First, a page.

Trulieve is suing former partners Harvest of Ohio and Harvest Grows for $23.8 million over what Trulieve says are unpaid loans.

Ghana passed a law that would allow the cultivation of cannabis for industrial and health purposes, after much back-and-forth.

The New York City Economic Development Corporation is launching a loan fund to help licensed cannabis businesses in the city. It will contribute $8 million to seed the fund.

Cannabis analytics firm Headset is keeping track of what consumers in Maryland are buying one week into legalization.

🗣️ Quote of the day

“How do you make sense of it?” said Boris Heifets, anesthesiology professor who studies ketamine at Stanford University. “Some of it just has to be wrong.”

This comes from Olivia Goldhill’s deep dive for Stat News into the promises and pitfalls of psychedelic medicine. I’d encourage you to read it in full.

📈 Market moves

What happened: US cannabis giant Curaleaf also wants to list on the Toronto Stock Exchange.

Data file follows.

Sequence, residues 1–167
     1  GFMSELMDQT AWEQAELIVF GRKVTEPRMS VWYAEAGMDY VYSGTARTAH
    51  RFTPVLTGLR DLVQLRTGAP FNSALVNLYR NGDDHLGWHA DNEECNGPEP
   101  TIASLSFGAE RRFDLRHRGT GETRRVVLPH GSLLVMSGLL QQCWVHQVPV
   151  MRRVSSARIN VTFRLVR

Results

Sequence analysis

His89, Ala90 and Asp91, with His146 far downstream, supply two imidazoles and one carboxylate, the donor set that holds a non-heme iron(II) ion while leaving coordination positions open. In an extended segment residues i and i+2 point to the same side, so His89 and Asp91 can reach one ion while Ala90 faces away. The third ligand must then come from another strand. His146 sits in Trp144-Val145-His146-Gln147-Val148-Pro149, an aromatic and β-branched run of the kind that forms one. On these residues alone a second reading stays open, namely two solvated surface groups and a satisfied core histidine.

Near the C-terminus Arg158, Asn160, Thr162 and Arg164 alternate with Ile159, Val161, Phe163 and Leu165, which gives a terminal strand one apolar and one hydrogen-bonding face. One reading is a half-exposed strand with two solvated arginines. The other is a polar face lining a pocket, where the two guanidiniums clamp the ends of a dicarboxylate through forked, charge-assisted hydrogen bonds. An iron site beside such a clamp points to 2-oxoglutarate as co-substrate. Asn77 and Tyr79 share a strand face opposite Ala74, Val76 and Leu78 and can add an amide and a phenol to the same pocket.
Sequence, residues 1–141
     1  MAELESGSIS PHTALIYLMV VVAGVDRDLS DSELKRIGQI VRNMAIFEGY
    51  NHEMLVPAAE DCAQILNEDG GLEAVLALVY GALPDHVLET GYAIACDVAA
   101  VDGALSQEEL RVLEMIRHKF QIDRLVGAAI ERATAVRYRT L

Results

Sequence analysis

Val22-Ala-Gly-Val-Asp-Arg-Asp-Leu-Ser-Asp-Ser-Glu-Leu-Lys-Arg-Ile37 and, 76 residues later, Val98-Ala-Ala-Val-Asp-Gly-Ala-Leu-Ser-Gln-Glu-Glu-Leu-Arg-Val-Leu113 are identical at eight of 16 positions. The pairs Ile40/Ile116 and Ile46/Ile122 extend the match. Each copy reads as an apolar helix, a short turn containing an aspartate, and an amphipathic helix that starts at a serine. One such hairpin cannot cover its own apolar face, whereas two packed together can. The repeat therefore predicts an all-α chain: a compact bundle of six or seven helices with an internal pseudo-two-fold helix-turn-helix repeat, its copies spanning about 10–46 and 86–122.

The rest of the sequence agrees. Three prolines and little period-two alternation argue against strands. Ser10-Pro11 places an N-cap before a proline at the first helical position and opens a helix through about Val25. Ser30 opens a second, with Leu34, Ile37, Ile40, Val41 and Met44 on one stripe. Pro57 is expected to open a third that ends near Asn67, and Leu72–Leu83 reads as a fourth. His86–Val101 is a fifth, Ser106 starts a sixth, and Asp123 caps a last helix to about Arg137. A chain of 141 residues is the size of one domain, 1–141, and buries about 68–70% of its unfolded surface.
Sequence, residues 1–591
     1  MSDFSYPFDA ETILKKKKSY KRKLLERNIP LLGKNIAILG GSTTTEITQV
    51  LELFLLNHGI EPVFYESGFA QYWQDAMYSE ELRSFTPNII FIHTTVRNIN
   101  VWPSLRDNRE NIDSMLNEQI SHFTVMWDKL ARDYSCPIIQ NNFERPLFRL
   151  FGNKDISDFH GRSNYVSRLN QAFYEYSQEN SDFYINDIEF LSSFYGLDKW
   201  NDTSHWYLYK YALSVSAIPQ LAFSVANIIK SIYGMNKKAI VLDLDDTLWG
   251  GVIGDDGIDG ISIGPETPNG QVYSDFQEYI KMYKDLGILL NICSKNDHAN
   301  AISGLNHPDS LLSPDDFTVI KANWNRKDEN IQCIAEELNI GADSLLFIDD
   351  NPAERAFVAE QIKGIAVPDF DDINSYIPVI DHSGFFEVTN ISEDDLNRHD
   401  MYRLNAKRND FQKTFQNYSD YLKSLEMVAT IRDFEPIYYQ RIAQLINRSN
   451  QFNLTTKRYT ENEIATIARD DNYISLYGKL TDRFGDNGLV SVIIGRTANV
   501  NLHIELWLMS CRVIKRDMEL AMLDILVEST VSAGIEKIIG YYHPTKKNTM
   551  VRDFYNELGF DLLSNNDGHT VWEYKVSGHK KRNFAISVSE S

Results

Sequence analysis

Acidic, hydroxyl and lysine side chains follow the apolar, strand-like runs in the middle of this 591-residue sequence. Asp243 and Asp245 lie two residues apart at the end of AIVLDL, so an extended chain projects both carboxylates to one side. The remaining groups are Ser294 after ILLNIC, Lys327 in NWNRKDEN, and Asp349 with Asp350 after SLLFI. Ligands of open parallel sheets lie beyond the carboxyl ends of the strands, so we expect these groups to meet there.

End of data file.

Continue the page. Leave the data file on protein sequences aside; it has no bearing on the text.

In a little-noticed filing released Friday night after the market closed, Curaleaf said it’s preparing to list on the TSX.

It’s following competitor TerrAscend’s footsteps.

I’m not sure why they didn’t press release it in an industry that loves potentially stock-moving press releases, but luckily some smart folks on Twitter spotted it.

Zoom out: Sharp-eyed readers will remember my brilliant prediction in last Friday’s Cultivated2 that a bunch of US cannabis companies would follow TerrAscend’s footsteps through a similar deal structure.

It’s all about access to deeper-pocketed investors, more liquidity, and sending a signal that US cannabis is mature enough to land on a major stock exchange like the TSX.

I’m going to guess this trend is going to make a bunch bankers on Bay Street very happy in the coming months.